Tyre recycling brings significant environmental benefits that are well-documented and are entirely in line with the objectives to transition towards a carbon-neutral and circular economy.
In the EU, end-of-life tyre have been since many years recycled mechanically. This is the most sustainable route, in terms of environmental footprint, which is carried out by companies represented by EuRIC at EU level. Mechanical tyre recycling produces rubber, steel and textile fibers that substitute virgin materials in a number of end-applications.
The alternative to end-of-life recycling is currently co-incineration with energy recovery in cement kilns. It is by far the least sustainable option since highly valuable raw materials are lost in the process and the process results in net CO2 emission. Yet, the co-incineration of end-of-life tyres has received increased attention over the last year due to some external developments:
- Firstly, raising energy prices has been giving a competitive advantage for the incineration of good raw materials in tyres in comparison with virgin energy sources, e.g. oil. This was especially the case in the 2nd half of 2022 when oil prices were skyrocketing. This is not the case anymore, oil prices are now down to the pre-Ukraine war level.
- Secondly, a ban on the use of recycled rubber as an infill in sport and leisure turf, has been causing some disturbance as this has been an important market for tyre recyclers as us. The ban will be put into force 8 years from now – in 2032 at best – and we still remain to see the possible consequences. Turf owners can freely over the next 8 years build new pitches using rubber granules from end-of-life tyres. If they install risk management measures in order to minimize the spread of rubber outside the turf – which we recommend – the need for a refill will be very limited and will easily be covered by a small stock of material when the ban is put into force. As there is documentation for the effectiveness of risk management measures, the European mechanical tyre recycling industry will be presenting facts and research to the Commission over the next years trying to influence a withdrawal of the ban if risk management measures are implemented.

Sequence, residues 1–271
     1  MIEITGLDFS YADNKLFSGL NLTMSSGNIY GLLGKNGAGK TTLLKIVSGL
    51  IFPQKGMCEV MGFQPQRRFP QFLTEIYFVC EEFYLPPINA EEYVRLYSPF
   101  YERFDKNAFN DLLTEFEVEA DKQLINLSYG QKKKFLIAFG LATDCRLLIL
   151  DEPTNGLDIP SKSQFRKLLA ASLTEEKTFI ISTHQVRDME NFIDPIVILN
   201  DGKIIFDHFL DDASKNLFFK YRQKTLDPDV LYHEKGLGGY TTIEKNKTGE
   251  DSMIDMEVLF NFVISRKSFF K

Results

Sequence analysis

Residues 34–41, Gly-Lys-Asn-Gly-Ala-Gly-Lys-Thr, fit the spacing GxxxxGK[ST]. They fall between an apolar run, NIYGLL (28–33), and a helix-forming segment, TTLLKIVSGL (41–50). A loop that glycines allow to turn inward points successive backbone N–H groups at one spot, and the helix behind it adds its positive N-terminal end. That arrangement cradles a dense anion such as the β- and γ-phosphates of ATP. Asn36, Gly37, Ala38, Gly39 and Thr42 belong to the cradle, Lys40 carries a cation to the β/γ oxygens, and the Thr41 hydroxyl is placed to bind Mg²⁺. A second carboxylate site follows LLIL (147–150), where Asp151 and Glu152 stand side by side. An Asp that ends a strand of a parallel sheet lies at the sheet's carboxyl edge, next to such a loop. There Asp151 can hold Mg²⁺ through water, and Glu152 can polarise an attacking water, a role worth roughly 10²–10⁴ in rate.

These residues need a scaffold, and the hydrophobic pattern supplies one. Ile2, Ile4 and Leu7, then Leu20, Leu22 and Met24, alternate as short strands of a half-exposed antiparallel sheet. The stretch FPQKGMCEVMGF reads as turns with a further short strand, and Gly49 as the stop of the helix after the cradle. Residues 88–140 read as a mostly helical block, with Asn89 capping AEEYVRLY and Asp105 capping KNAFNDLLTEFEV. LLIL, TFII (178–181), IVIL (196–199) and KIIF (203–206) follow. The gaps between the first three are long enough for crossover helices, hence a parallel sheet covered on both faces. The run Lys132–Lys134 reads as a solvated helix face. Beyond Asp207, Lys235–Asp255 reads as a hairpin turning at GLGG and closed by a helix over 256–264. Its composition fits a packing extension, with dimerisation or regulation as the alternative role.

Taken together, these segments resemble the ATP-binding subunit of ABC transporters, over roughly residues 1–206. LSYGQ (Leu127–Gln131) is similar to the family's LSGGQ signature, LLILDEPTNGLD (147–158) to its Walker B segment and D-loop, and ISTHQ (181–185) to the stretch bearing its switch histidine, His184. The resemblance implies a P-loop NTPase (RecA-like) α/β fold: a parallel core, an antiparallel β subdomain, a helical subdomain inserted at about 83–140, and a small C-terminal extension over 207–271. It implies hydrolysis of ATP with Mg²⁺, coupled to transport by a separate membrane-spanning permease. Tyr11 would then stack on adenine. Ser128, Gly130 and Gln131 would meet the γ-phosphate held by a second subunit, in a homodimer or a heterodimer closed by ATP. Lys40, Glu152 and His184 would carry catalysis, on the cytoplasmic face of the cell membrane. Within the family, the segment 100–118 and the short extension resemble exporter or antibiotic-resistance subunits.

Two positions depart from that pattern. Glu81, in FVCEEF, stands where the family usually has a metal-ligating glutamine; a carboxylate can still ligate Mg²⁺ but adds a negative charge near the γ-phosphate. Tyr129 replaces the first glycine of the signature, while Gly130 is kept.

On the other hand, another initiative by the EU – the Waste Shipment Regulation – will restrict the export of tyre shreds for incineration outside the EU. Tyre shreds are classified as waste and will therefore be covered by this export restriction. This new framework legislation shall also restrict unprocessed end-of-life tyres (ELTs) exports to countries whose treatment standards are much lower than those applicable in the EU.
On top, new applications are being developed for the use of recycled rubber in various end-markets and will likely be supported by European policy-makers, mechanical tyre recycling won’t only remain the most sound environmental treatment of ELTs; it shall also remain the primary route for ELTs for many years to come. In addition, emerging chemical recycling processes will continue to rely on mechanical recycling which is key to feedstock preparation.
Last but not least, the revision of Europe’s framework and sectorial waste legislation will likely further restrict waste landfilling and incineration to the strictest minimum.
EuRIC MTR Members are ready to take care of the tyres from tyre collectors, deliver the state-of-the-art sustainable and clean products that our customers require, and invest in developing new applications with our partners for a sustainable future, in full compliance with applicable legislation.
Secretary General of EuRIC
 EuRIC Mechanical Recycling Factsheet: https://euric.org/resource-hub/reports-studies/mechanical-tyre-recycling-factsheet